Predictors of liver-related death among people who inject drugs in Vancouver, Canada : a 15-year prospective cohort study Hayashi, Kanna; Milloy, M-J; Wood, Evan; Dong, Huiru; Montaner, Julio; Kerr, Thomas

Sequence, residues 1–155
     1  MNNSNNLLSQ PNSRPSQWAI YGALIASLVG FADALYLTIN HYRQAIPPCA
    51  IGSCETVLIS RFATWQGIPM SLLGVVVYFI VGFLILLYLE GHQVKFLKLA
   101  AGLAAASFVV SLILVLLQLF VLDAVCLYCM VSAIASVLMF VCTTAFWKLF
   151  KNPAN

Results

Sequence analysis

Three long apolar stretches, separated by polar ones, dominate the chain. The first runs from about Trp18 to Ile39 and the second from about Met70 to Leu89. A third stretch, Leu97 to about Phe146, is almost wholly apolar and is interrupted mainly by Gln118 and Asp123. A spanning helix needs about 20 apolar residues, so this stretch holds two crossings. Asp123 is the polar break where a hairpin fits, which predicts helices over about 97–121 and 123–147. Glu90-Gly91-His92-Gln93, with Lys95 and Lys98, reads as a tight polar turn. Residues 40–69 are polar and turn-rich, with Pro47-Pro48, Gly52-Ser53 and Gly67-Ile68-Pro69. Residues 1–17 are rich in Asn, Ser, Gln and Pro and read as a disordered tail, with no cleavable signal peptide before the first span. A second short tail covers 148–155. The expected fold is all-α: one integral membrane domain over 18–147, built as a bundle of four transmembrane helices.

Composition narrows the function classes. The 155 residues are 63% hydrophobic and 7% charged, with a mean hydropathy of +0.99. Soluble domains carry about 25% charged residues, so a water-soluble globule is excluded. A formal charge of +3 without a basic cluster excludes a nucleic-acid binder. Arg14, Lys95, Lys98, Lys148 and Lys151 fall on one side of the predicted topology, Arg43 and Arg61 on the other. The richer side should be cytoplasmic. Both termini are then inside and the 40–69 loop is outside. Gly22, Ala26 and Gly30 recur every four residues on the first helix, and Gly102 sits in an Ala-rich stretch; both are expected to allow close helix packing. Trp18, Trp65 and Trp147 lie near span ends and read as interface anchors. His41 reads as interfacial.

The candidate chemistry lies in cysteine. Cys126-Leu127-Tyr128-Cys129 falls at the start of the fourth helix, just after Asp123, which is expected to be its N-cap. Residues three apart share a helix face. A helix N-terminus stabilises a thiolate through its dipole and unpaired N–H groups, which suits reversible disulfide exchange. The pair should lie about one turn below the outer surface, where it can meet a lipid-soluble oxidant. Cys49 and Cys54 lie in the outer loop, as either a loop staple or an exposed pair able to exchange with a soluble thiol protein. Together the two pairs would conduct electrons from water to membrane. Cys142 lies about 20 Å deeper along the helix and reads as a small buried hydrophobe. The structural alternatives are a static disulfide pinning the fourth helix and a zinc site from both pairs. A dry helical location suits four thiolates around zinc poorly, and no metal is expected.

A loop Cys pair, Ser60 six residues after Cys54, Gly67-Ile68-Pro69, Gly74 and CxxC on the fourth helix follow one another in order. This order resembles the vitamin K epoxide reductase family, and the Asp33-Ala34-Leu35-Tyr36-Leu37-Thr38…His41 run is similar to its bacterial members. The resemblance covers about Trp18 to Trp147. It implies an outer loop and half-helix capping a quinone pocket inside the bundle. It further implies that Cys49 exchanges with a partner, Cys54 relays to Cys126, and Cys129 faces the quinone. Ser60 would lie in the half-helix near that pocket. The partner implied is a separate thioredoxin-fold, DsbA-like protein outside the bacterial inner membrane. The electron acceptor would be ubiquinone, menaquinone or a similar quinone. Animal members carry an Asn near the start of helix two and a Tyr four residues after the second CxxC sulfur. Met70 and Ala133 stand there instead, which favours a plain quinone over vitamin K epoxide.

Introduction While HIV/AIDS remains an important cause of death among people who inject drugs (PWID), the potential mortality burden attributable to hepatitis C virus (HCV) infection among this population is of increasing concern. Therefore, we sought to identify trends in and predictors of liver-related mortality among PWID. Methods Data were derived from prospective cohorts of PWID in Vancouver, Canada, between 1996 and 2011. Cohort data were linked to the provincial vital statistics database to ascertain mortality rates and causes of death. Multivariate Cox proportional hazards regression was used to examine the relationship between HCV infection and time to liver-related death. A sub-analysis examined the effect of HIV/HCV co-infection. Results and discussion In total, 2,279 PWID participated in this study, with 1,921 (84.3%) having seroconverted to anti-HCV prior to baseline assessments and 124 (5.4%) during follow-up. The liver-related mortality rate was 2.1 (95% confidence interval [CI]: 1.5–3.0) deaths per 1,000 person-years and was stable over time. In multivariate analyses, HCV seropositivity was not significantly associated with liver-related mortality (adjusted relative hazard [ARH]: 0.45; 95% CI: 0.15–1.37), but HIV seropositivity was (ARH: 2.67; 95% CI: 1.27–5.63). In sub-analysis, HIV/HCV co-infection had a 2.53 (95% CI: 1.18–5.46) times hazard of liver-related death compared with HCV mono-infection. Conclusions In this study, HCV seropositivity did not predict liver-related mortality while HIV seropositivity did. The findings highlight the critical role of HIV mono- and co-infection rather than HCV infection in contributing to liver-related mortality among PWID in this setting.
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